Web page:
Families: The Silent Victims of Drug Addiction
During active drug and alcohol addiction, the focus is on the addict. The risks, the health problems, the violent outbursts, the need to remain high or drunk, the constant search for more money to buy more drugs and alcohol, the mood swings – it’s all about the addict. Few think about those who live with and love the addicted person. Children, spouses, extended family, and siblings are all deeply wounded by the untreated drug dependence of the person they love – emotionally and often physically as well – and while the focus is on getting the addict the help they need to recover, few consider the needs of the family in terms of helping them recover from the experience as well.
How Families are Hurt by Addiction
Addiction is not just the problem of the person physically and psychologically dependent upon an illicit substance. Families, too, are victims of the disorder, for a number of reasons. Many end up experiencing:
- Domestic violence. In domestic violence cases, more than half of all those reported involve drug and alcohol abuse. How many go unreported?
- Emotional abuse. Emotional abuse is even more common as family members are forced to deal with the mood swings of their addicted loved one and rarely given the room to have their own emotional issues related to this and other problems.
- Financial problems. Addiction is expensive, and the damage and problems caused by that addiction can be expensive, too. Few addicts can maintain a job and contribute to the family finances; rather, the addicted family member usually costs the family more money than all other members combined, which puts undue financial pressure and stress on everyone else.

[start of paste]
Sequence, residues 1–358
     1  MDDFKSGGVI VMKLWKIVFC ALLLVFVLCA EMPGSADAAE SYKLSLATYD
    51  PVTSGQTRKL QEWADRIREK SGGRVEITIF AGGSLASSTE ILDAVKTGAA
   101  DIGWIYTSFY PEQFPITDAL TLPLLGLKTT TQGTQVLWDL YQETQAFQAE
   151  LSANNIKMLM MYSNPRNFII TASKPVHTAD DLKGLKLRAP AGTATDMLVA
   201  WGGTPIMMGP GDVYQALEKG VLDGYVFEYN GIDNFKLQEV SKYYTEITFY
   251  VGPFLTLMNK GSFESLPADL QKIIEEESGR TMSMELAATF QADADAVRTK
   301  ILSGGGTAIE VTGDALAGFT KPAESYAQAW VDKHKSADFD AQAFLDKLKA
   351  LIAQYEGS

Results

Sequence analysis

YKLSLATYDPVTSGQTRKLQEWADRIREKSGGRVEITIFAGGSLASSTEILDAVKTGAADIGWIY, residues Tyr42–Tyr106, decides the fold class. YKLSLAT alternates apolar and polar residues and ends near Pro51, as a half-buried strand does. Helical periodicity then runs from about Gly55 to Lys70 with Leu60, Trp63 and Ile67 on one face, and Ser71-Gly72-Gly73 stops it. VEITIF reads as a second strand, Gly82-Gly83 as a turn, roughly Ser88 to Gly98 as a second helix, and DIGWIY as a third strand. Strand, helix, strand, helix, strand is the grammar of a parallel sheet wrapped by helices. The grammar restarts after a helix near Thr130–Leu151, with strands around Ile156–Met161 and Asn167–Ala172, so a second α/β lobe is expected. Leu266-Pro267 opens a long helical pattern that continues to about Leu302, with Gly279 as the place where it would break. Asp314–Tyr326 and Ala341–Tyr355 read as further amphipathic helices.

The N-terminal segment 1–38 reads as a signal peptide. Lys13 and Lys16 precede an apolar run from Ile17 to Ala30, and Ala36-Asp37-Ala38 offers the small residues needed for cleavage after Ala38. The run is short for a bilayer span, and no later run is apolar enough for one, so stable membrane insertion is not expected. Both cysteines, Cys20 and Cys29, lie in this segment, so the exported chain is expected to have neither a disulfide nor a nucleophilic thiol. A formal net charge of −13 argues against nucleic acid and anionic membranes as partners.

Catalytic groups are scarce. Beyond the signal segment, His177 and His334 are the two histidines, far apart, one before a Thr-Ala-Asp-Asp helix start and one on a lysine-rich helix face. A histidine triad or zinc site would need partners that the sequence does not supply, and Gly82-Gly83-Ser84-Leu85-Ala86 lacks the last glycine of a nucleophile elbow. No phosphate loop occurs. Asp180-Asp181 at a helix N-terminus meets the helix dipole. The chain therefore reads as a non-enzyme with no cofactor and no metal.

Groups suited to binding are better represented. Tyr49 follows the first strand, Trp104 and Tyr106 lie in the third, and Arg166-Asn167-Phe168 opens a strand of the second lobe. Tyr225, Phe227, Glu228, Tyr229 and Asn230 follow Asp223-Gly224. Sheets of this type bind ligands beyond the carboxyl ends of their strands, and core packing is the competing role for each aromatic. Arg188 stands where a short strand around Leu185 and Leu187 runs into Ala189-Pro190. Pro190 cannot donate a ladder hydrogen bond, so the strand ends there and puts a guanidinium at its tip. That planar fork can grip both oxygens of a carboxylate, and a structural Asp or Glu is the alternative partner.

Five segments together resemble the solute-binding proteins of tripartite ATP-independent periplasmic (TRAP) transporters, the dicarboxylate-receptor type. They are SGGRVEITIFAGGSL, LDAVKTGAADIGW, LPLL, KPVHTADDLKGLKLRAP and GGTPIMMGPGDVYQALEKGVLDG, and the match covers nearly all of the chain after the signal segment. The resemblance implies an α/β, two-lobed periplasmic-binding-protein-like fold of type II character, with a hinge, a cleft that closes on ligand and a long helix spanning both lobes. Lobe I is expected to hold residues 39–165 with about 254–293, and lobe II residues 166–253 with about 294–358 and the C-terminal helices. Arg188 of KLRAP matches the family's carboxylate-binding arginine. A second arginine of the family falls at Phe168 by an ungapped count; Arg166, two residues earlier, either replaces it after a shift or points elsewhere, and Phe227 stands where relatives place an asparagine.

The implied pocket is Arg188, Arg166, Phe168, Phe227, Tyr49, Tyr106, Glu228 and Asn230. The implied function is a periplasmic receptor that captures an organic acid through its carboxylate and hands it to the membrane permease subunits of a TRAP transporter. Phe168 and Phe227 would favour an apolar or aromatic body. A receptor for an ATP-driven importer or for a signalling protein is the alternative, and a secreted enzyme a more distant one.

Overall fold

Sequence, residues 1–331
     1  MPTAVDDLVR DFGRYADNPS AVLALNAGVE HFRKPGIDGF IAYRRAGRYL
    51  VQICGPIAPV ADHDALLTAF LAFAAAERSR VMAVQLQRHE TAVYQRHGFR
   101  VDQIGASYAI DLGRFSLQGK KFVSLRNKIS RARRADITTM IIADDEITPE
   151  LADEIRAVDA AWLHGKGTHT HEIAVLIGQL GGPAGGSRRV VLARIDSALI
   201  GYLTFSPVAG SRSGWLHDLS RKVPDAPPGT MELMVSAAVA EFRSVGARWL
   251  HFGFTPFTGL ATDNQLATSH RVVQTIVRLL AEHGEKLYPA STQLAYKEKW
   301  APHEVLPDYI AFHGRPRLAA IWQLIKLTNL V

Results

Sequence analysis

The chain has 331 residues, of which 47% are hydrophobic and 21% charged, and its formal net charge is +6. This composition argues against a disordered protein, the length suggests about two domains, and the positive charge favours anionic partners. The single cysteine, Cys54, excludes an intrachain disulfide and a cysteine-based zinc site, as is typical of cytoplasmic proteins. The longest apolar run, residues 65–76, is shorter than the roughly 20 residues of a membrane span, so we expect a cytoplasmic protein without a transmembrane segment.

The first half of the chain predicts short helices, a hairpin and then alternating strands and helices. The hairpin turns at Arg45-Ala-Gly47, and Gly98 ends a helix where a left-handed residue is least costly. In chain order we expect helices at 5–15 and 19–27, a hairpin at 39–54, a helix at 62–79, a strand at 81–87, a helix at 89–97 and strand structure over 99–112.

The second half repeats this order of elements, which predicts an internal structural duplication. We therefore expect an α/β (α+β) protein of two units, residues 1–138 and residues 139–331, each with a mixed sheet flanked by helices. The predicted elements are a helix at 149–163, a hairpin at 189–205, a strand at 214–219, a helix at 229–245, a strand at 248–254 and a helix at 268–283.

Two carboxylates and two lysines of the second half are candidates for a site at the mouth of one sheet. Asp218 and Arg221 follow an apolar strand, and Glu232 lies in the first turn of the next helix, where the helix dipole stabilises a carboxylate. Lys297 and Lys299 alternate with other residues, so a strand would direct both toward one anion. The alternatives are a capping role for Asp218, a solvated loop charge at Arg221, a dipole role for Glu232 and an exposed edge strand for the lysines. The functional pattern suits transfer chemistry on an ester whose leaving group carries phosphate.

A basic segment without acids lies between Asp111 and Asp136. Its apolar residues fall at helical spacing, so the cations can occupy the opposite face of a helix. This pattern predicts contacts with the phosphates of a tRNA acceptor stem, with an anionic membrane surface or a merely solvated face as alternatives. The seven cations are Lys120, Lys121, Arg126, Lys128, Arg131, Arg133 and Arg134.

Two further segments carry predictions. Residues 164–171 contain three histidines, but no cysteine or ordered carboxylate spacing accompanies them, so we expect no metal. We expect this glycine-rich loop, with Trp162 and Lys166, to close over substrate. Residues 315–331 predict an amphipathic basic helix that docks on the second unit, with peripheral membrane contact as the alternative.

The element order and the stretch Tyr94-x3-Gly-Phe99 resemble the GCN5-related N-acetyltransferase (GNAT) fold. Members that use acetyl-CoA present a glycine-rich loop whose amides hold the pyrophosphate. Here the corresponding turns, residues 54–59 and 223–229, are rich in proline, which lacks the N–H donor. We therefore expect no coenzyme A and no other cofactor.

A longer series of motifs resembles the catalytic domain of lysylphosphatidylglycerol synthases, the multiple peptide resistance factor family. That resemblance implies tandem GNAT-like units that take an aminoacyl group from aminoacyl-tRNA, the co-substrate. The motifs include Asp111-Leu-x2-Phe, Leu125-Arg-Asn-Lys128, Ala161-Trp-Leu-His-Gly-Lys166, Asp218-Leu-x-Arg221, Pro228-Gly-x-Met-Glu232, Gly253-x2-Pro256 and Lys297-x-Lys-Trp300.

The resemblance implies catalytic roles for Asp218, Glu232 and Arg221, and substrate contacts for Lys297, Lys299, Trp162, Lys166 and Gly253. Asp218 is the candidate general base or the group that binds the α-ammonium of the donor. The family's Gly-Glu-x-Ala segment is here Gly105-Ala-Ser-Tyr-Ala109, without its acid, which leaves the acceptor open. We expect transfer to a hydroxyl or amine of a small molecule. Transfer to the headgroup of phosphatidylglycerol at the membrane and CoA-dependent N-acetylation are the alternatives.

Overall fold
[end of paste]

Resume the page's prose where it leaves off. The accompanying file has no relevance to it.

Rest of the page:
- Social isolation. Embarrassment caused by the addicted family members’ erratic behavior and the need to “cover up” those problems often means that the family is isolated from others – which often serves to increase their sense of dysfunctional addiction as normal and decrease their chances of healing.
- Health problems. Family members of addicts often forego their own mental and physical healthcare in service of dealing with their loved one’s addiction. As a result, many suffer from untreated mental health disorders like depression and chronic ailments that go undiagnosed.
What Families Need to Heal
Family therapy is one of the best ways to address the issues related to an addiction in the family. If the addicted family member refuses to attend or is at an inpatient treatment center, family members can find healing and support through 12-step meetings, personal therapy, and other group therapy options. Learning how to prioritize one’s own health is essential to make sure that, in the event of the relapse of the addicted family member, others in the family remain protected.
Contact us at The Orchid today to learn more about our woman-centered drug rehab program and how we emphasize family healing.